As Israel’s assault on Gaza escalated, mainstream media seemed to be pitting pro-Palestinian Black people and a monolithic idea of ‘the Jewish community’ against each other, without even batting an eyelid at the various nuances and intersections of identity. But who else was going to document the thoughts and experiences of Black British Jews at this time, but Black Ballad? That was my thinking anyway.

“Writing [the article] was challenging, not least because it reflects an active genocide that has left me in a state of disbelief and dismay at the international apparatus that allows it to continue,” Adama Munu, the journalist who wrote the article, says.

“I was honoured to be asked to speak to Black British Jews who have been vocal against Zionism and apartheid against Palestinians. As a Black woman who sits on the fringes of a religious community that, outside of the African world, is considered a minority too, I could relate to their frustrations of not always feeling seen, and their unique experiences as people who sit at the crossroads of different identities. One of the most enjoyable aspects of writing for Black Ballad is the support in shaping an article to its fullest potential, making it a true team effort – something I look forward to with each commission.”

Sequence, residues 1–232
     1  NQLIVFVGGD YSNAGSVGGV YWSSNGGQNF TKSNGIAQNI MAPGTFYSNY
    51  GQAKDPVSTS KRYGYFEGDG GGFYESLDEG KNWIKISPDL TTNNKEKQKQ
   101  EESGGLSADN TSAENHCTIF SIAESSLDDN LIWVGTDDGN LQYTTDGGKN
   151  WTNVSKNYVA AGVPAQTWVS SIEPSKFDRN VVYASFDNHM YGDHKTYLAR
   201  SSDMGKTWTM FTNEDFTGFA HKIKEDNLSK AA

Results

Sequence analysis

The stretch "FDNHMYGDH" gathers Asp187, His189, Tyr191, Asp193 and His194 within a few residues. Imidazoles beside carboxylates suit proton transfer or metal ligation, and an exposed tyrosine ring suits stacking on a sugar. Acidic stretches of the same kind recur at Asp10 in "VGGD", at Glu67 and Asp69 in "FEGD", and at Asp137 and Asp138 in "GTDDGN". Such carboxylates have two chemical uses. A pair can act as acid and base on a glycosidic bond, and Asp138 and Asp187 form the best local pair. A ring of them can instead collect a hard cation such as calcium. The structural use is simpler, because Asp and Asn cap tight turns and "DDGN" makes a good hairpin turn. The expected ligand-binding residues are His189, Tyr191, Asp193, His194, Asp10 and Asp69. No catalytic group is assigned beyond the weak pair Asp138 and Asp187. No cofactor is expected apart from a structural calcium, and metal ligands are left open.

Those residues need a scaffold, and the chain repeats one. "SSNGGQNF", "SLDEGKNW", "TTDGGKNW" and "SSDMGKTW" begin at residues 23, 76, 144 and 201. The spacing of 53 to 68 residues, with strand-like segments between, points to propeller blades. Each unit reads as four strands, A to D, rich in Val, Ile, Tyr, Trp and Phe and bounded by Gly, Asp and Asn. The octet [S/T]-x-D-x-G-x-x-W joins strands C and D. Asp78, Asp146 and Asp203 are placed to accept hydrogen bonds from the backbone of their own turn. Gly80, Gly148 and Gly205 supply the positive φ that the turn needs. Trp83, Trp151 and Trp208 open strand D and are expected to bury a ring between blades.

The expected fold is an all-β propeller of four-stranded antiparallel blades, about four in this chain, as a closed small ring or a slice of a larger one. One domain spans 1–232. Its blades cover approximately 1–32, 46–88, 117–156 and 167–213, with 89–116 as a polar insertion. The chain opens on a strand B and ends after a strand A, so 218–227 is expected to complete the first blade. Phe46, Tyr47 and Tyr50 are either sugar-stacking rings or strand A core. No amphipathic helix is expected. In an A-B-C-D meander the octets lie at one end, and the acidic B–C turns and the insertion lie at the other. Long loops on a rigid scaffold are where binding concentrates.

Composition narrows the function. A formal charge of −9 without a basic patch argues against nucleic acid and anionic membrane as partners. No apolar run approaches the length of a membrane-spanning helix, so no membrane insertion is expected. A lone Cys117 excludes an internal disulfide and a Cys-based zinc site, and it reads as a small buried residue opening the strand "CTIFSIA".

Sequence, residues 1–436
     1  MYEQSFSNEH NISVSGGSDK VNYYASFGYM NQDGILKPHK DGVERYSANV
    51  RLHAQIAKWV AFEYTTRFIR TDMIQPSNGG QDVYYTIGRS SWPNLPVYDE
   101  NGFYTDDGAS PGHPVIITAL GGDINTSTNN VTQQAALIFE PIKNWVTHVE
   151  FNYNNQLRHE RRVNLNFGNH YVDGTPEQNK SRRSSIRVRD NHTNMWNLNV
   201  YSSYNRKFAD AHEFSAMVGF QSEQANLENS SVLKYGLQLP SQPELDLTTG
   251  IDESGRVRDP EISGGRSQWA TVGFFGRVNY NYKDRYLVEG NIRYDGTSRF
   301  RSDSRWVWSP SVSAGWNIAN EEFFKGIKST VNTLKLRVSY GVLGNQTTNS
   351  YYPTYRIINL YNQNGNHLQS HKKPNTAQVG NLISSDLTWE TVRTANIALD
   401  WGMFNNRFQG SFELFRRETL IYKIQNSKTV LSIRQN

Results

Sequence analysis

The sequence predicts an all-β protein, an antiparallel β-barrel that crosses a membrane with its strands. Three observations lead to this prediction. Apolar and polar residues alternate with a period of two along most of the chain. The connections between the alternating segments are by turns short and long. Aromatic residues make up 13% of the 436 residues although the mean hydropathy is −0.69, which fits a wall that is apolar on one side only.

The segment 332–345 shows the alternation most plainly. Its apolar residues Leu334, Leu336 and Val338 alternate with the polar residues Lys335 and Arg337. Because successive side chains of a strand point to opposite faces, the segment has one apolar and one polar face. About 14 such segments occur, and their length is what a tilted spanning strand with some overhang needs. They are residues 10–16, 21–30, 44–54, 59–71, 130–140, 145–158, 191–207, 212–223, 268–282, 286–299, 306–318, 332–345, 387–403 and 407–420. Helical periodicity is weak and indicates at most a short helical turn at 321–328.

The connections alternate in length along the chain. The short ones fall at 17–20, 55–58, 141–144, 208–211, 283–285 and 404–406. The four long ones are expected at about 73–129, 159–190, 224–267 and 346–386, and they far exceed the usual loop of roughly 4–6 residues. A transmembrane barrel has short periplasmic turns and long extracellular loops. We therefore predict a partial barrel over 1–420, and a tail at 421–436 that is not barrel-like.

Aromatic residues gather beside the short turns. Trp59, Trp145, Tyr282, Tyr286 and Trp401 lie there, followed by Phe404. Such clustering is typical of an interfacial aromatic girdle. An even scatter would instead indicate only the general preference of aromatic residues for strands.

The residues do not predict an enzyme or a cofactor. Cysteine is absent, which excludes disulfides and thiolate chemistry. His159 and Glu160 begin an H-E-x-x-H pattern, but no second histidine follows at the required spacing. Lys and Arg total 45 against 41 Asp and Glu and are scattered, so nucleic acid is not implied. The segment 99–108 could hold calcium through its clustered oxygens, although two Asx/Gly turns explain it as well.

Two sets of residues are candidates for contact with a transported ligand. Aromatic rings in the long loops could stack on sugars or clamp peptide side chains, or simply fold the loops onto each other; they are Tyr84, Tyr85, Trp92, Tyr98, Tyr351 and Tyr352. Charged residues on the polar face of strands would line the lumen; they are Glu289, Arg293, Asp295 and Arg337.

Black woman in a hijab sits on a wall overlooking a town.
Adama Munu

Adama first wrote for Black Ballad five years ago, but her first connection came four years before that.